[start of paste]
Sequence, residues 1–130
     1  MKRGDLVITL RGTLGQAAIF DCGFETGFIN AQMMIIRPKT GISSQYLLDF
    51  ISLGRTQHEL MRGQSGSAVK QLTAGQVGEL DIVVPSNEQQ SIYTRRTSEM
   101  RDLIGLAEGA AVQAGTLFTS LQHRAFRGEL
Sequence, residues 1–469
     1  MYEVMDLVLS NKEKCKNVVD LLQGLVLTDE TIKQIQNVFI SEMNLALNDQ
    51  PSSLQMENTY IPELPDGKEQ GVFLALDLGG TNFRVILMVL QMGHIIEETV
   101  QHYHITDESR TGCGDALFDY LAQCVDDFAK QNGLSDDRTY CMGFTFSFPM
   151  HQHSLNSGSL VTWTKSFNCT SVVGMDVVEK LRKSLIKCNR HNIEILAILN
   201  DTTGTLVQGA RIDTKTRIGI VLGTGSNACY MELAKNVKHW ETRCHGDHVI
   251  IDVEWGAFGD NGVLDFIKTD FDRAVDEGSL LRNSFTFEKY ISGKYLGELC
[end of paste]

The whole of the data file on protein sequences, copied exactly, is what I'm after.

Sequence, residues 1–130
     1  MKRGDLVITL RGTLGQAAIF DCGFETGFIN AQMMIIRPKT GISSQYLLDF
    51  ISLGRTQHEL MRGQSGSAVK QLTAGQVGEL DIVVPSNEQQ SIYTRRTSEM
   101  RDLIGLAEGA AVQAGTLFTS LQHRAFRGEL
Sequence, residues 1–469
     1  MYEVMDLVLS NKEKCKNVVD LLQGLVLTDE TIKQIQNVFI SEMNLALNDQ
    51  PSSLQMENTY IPELPDGKEQ GVFLALDLGG TNFRVILMVL QMGHIIEETV
   101  QHYHITDESR TGCGDALFDY LAQCVDDFAK QNGLSDDRTY CMGFTFSFPM
   151  HQHSLNSGSL VTWTKSFNCT SVVGMDVVEK LRKSLIKCNR HNIEILAILN
   201  DTTGTLVQGA RIDTKTRIGI VLGTGSNACY MELAKNVKHW ETRCHGDHVI
   251  IDVEWGAFGD NGVLDFIKTD FDRAVDEGSL LRNSFTFEKY ISGKYLGELC